Saddam Hussein has thrown another roadblock in front of UN weapons inspectors. US officials are talking about a military strike, and some Americans say Saddam only understands force.
But most Arabs - even Kuwaitis - don't support a military response. It's not that they've suddenly decided they like or trust Saddam. Americans and Arabs alike would like to see him disappear. But there are fundamentally different perceptions between Americans and Arabs about Iraq, and about most Middle Eastern issues. These differences will bedevil our Iraq policy until we take them into account.
At a recent press conference, Defense Secretary William Cohen released a detailed report on chemical and biological weapons that pointed at Iraq as a serious threat to the world.
At the same time, Sheikh Zayid bin Sultan al-Nuhayyan, president of the United Arab Emirates, was telling the Arab press that the Persian Gulf is now safe. One of the Arab world's most respected leaders, Sheikh Zayid reflected widespread Arab opinion when he said while Saddam had been a threat in 1990-91, the situation has changed, and the only people suffering today are the Iraqi people.
At the heart of the American-Arab disagreement is a widespread Arab belief that the US is insisting on continued sanctions because it wants to destroy Iraq and it doesn't mind harming the Iraqi people in the process.
US officials vehemently deny that sanctions are aimed at harming the Iraqi people, saying they are intended to persuade the Iraqi regime to change its behavior, and it is Saddam who is responsible for the people's suffering. He could end their misery if only he complied with the UN resolutions. Food and medicine were always exempted from the ban on imports into Iraq, they say, but Saddam diverted these goods to his cronies and available resources to building palaces.
After Desert Storm, Americans assumed the Iraqi regime would change its ways. American officials believed Saddam could not hold out indefinitely, and that the continued pressure of sanctions and international controls would bring about a change in his behavior, or another reasonable leader would replace him. That, of course, didn't happen.
Americans tend to consider the current threat serious and imminent. The US maintains a large military presence in the Gulf and is willing to use force. But the Arab states believe Iraq is weak and not a threat to anyone. They think a military strike would only help Saddam politically.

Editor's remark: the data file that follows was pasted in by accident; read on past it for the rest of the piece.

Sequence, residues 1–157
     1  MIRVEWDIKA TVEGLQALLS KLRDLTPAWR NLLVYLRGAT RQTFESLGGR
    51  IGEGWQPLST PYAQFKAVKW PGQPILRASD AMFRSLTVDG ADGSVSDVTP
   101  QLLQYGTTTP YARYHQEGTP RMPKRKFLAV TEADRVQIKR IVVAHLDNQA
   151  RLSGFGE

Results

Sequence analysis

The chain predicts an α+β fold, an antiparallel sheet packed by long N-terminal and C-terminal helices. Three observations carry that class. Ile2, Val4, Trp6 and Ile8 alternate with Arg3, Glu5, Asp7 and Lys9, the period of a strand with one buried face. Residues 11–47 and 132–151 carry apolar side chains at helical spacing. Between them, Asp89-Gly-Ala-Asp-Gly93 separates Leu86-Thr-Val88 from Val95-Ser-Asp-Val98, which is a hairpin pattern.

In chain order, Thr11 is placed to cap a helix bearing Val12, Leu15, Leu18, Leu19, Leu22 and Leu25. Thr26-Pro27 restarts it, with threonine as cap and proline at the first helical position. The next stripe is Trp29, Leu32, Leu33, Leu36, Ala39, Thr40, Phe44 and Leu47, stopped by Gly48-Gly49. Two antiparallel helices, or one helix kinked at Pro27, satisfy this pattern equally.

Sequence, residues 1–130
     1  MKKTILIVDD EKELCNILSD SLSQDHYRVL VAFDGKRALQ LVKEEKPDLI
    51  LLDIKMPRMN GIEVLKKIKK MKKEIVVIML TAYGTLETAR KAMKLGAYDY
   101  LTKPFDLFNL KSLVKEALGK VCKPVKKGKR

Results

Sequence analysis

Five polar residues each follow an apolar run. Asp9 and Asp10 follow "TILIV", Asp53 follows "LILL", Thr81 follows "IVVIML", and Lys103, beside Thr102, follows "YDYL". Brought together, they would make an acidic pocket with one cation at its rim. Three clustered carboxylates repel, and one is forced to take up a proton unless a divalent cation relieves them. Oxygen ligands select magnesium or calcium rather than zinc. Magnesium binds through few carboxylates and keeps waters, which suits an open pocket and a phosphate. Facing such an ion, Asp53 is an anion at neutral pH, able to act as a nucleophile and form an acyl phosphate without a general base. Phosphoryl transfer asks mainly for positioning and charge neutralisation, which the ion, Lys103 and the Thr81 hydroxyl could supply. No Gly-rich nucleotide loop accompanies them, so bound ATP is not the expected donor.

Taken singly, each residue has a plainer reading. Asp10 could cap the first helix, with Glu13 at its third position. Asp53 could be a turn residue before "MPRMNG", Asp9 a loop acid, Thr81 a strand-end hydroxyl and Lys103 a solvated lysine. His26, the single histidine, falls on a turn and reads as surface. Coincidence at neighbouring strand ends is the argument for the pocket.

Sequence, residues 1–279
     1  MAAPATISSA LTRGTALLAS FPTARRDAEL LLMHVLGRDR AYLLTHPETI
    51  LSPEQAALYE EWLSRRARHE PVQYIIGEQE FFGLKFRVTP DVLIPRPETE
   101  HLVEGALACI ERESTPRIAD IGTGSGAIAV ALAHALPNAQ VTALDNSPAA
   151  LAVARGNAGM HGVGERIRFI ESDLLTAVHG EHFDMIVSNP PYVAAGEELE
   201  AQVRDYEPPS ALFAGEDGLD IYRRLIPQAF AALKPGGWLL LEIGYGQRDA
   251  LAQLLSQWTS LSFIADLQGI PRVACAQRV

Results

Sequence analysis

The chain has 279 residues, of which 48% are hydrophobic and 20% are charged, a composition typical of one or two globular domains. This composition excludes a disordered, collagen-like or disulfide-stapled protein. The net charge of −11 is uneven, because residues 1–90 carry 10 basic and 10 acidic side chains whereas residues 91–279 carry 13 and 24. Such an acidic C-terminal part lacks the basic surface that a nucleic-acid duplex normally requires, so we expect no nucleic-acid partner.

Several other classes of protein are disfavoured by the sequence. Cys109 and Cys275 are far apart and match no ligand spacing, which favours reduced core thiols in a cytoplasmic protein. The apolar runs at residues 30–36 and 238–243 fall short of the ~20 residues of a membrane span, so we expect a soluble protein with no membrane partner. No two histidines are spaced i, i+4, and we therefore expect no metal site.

The Israel factor exacerbates Arabs' dissatisfaction with US policy. They're convinced that Prime Minister Benjamin Netanyahu wants to halt all progress on the Oslo peace accords, and they're critical of Washington for not putting pressure on him to move forward. Most Arabs believe the US has a double standard in the Middle East, seeking to punish Iraq for violating or ignoring UN resolutions while letting Israel get away with what they see as failure to implement other UN resolutions.
Arabs increasingly suspect, too, that the US is motivated by anti-Arab racism. They cite the ongoing American-led confrontation with Libya over Lockerbie and the recent US imposition of new sanctions on the Sudan.
Americans and Arabs have very different priorities. The Arab focus is on Palestine, while the American focus is on Iraq. Why? Americans have for years seen Israel as a potential victim of Arab aggression and terrorism, while Arabs see Palestinians as the victim of Israeli aggression. Americans seem to believe the two sides are just going through one more of many rounds of endless bickering. They're uninterested in the complex details of the conflict, tired of the mutual recriminations, and don't feel strongly about who's right or wrong.
But, to Americans, the situation in Iraq is different. They still remember sending soldiers to the Gulf, and they see Saddam continually defying Washington. They're easily convinced, therefore, that his recent confrontation over weapons inspections constitutes an urgent crisis.
THE US should reassess its Iraq policy, making clear what Iraq must do to get sanctions lifted, and what US policy toward Iraq would be after that. The US should consult more closely with its allies and seek new ways to help provide humanitarian assistance to the Iraqi people. It also should seek ways to divide Saddam from his civilian and military elite, the only people capable of removing him. Finally, Americans need to learn more about the people of the Arab world - what motivates them, and why their thinking on such issues has become so different from the American point of view.
* William A. Rugh, a former career Foreign Service officer, is president of AMIDEAST in Washington.